Officers found the Mercedes abandoned and quickly sealed off neighborhoods in Watertown as they began a street-by-street search for the suspect. But police acknowledged later that there were not enough officers to establish a solid perimeter and that the suspect, who may have been wounded, had escaped.
Tamerlan Tsarnaev was taken to a hospital where he was pronounced dead on arrival. Hospital officials said he had been shot multiple times and suffered other wounds, apparently from an explosion.
So they intentionally lure police into a high-speed chase with them and begin hurling bombs out the window at them. Since we know police cruisers have dash cams, let's see the video evidence. I particularly like the effort to add humor to the ordeal, particularly the description of Tamerlan getting out of the Mercedes he and his brother carjacked and attempting to lob a bomb at the police while holding a gun in his other when the bomb went off in his hand. Didn't that happen to the Fielding Mellish character Woody Allen portrayed when he was receiving his guerrilla warfare training in "Bananas"? Dzhokhar's friends all described him as a bad driver, and the police say he ran over his brother and dragged his body down the street while trying to ram police with his stolen Mercedes. Yet this reckless driver somehow manages to successfully elude police in a car he had never driven before that night, ditch it, flee on foot with an arsenal of weapons and explosives despite sustaining gunshot wounds during the shootout with police during which over 200 rounds of bullets were supposedly fired and avoid capture for nearly 24 hours despite the largest manhunt in American history and within a large American city that became the first city to be placed under martial law since the Civil War. It took a private citizen to discover his whereabouts after the martial order declaration was lifted. If the American people believe this hogwash they're being fed about this past week's deadly terror attacks during the Boston Marathon and the subsequent manhunt that supposedly led the FBI to these two suspects, then they'll believe just about anything they're told.

One of the statements in this story that really bothers me about the reporter's lack of skepticism is this statement: "It is unclear whether investigators knew the suspects’ names when they released photographs and videos of them along the marathon course around 5 p.m." Where has the Post been? We know that the FBI actually had prior contact with the two primary suspects at least two years ago after being alerted by the Russian government of Tameran's possible ties to Islamic extremists. The FBI initially denied having any prior information on either of the two suspects until their mother went public with a claim that the agency had been monitoring her son for years and had personally interviewed her on several occasions about their concerns.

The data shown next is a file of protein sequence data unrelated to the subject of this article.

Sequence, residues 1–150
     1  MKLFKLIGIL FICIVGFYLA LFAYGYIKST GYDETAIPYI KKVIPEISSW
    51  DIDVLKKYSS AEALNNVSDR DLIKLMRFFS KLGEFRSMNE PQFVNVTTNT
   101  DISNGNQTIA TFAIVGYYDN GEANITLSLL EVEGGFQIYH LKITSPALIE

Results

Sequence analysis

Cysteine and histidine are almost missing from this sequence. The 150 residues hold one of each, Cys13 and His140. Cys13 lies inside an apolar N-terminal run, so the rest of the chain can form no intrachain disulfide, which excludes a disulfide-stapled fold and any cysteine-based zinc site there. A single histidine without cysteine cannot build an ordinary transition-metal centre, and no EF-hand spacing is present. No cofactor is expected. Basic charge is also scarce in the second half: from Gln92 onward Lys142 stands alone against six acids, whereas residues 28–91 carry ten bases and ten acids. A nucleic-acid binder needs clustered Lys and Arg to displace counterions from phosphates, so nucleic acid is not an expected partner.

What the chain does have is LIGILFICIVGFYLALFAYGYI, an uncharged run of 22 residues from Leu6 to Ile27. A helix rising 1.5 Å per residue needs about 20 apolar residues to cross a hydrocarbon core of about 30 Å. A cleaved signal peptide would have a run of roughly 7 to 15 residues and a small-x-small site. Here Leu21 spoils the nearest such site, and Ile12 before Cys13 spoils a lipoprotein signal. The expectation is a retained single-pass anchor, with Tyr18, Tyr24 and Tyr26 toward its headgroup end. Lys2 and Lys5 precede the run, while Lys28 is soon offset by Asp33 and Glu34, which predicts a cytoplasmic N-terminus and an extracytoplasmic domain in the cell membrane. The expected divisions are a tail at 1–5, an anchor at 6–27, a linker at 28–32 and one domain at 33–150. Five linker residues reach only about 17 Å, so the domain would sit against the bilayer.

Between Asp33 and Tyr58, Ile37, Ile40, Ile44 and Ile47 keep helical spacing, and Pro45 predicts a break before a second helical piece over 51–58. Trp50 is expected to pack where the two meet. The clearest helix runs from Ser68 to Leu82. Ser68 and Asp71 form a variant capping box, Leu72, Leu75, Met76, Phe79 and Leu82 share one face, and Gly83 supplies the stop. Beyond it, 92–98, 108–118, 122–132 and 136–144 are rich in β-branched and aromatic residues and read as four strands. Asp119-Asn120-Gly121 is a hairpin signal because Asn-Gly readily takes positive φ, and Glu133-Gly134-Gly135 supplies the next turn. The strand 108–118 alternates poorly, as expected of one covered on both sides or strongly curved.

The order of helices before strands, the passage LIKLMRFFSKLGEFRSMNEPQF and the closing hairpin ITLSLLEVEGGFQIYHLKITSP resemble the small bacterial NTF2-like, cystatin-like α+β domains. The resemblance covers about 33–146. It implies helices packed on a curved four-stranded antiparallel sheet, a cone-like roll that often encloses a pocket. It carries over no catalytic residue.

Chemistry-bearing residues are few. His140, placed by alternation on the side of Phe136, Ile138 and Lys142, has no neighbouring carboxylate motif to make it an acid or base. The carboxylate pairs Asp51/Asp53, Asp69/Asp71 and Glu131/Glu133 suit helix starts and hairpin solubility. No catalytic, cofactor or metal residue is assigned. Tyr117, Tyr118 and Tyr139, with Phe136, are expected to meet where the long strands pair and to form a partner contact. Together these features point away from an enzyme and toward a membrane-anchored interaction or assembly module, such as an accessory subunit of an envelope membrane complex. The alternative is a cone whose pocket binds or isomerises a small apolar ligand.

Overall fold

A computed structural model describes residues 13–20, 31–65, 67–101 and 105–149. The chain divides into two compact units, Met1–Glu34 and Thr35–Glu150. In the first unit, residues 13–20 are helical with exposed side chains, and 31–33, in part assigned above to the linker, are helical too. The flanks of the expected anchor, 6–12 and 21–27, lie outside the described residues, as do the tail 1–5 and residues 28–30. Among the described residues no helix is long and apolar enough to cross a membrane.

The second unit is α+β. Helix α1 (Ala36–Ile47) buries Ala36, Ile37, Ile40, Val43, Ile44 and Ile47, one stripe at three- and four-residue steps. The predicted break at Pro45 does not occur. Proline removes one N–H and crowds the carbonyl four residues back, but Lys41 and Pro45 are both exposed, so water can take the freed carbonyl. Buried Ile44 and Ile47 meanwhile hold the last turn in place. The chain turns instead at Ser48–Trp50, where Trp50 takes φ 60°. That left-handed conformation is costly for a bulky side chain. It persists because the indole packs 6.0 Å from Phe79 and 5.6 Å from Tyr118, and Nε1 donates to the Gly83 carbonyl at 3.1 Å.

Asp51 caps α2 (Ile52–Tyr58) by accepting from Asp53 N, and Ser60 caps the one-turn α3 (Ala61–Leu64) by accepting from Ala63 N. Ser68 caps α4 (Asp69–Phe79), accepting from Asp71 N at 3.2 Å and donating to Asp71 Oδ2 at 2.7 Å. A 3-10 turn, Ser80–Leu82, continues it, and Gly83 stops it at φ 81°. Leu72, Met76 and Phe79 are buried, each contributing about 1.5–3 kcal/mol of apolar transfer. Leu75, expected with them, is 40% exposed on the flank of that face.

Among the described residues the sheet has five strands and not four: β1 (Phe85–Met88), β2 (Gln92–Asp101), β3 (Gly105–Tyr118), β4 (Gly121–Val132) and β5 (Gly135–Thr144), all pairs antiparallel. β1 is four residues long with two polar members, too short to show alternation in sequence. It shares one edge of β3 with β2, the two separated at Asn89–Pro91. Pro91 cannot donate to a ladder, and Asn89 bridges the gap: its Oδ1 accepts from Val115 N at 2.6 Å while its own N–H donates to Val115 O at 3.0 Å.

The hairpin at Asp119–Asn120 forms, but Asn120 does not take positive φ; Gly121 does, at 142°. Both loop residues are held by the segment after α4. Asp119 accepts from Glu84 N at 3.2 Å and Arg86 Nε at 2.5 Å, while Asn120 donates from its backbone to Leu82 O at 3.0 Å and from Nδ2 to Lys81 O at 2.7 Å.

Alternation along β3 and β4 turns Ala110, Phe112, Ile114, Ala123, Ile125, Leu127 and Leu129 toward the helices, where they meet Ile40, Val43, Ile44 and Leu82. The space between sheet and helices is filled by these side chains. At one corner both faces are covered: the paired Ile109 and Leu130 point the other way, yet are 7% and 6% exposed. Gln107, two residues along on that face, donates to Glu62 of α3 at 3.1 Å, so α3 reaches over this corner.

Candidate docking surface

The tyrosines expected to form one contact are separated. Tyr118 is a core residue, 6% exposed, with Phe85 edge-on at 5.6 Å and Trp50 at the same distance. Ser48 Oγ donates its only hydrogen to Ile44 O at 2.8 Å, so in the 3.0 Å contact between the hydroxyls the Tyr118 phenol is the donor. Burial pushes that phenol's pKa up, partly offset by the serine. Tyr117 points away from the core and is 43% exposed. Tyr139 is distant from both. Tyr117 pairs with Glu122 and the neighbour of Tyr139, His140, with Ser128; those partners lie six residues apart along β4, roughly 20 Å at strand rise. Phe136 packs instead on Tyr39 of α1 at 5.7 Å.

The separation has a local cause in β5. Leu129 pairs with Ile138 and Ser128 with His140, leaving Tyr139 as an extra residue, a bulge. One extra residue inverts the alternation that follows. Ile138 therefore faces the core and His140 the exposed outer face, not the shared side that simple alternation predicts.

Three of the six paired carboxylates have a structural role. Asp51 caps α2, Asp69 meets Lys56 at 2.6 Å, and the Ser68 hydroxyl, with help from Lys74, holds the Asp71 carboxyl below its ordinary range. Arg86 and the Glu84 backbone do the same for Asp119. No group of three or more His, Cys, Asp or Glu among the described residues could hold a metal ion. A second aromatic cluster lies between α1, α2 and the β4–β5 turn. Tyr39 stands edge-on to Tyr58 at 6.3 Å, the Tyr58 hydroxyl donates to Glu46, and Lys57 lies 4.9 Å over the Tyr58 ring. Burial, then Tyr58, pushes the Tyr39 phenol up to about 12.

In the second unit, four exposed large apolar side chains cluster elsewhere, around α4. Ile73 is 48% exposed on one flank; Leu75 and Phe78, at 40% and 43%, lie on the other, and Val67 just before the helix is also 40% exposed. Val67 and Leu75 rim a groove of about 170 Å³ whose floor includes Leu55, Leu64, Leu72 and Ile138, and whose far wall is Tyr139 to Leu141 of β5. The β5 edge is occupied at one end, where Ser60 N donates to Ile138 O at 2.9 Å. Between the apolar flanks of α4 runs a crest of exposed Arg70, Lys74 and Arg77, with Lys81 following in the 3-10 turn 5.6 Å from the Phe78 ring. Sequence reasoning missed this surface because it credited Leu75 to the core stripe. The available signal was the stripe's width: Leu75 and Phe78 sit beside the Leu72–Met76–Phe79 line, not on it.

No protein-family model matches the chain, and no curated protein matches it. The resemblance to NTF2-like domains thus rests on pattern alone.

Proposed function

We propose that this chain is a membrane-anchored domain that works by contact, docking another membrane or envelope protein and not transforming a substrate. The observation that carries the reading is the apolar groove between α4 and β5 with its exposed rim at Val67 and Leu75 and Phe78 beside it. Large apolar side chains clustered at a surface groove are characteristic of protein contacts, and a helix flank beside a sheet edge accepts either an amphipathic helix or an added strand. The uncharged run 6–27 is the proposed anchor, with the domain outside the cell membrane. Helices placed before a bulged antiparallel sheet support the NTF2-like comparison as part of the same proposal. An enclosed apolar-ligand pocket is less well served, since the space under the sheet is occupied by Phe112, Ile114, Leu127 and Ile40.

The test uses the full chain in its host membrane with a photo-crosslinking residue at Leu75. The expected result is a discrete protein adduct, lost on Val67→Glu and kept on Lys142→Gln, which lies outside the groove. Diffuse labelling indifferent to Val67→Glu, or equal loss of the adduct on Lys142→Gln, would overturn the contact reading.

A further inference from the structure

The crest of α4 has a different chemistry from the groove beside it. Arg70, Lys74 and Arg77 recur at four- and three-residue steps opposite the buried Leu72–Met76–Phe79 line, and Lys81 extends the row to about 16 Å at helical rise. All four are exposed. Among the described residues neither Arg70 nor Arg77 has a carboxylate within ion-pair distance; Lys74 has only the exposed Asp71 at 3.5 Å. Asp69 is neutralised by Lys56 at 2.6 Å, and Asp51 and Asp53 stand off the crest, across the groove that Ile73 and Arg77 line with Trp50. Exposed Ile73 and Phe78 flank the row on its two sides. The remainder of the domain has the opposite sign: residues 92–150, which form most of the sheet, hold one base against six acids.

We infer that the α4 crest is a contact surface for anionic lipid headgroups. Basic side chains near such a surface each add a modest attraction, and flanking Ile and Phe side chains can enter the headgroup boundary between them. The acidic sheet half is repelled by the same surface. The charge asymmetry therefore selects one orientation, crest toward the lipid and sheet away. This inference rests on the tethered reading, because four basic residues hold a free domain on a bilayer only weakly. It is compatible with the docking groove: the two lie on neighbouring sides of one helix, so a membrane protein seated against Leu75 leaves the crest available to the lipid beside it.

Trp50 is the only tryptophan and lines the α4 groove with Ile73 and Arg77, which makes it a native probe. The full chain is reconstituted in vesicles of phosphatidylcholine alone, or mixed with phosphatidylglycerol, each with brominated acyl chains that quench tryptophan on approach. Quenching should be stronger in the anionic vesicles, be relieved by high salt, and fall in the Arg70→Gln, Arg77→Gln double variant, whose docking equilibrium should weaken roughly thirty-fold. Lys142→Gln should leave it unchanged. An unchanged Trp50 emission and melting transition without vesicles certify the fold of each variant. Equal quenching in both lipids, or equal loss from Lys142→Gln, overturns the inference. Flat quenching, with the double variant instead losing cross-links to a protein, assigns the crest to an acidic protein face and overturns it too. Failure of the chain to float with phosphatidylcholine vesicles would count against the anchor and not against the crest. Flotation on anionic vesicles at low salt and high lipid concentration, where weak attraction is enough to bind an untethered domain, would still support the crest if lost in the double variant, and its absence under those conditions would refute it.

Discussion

It's impossible that the FBI did not know the identity of at least Tamerlan when they showed their images to the world. These two young men were immigrants who had been run through the FBI's extensive database built in the post-9/11 era on multiple occasions during the various stages of their immigration processes, beginning with their applications for asylum in 2002 after entering the country on visitor visas, their subsequent petitions for adjustment of status as lawful permanent residents and their applications for naturalization. Dzhokhar's application for naturalization was approved on September 11, 2011 (no kidding), while Tamerlan's was not approved, likely due to his domestic violence conviction. Their naturalization applications would have included in-person interviews with USCIS officers following background searches utilizing the FBI's database.

The FBI only admitted to various news outlets after their mother's bombshell disclosure of their surveillance of her son over a several year period that it had been given intelligence about him by a foreign government and gave him a clean scrubbing before closing the case. The FBI had to have known about Tameran's travel to Russia for a period of up to six months last year as well. The date of his exit from the country, his destination and the date of his return would have been entered into the database. Whenever a permanent resident spends a period of six or more months outside the country, their return arrival draws heightened scrutiny of CBP agents at his point of re-entry. The FBI's database would have also included multiple photos of these two individuals taken over the years which the FBI could have easily ran through its face recognition software to match their identities with the images they showed to the public at Thursday evening's press conference. That would have been one of the first steps the agency would have taken once they obtained their images from surveillance cameras. More importantly, their database would have instantly revealed every address at which these two individuals had lived since entering the U.S. in 2002 as visitors and applying for asylum to allow agents to quickly fan out and start visiting every place of residence entered in the databse.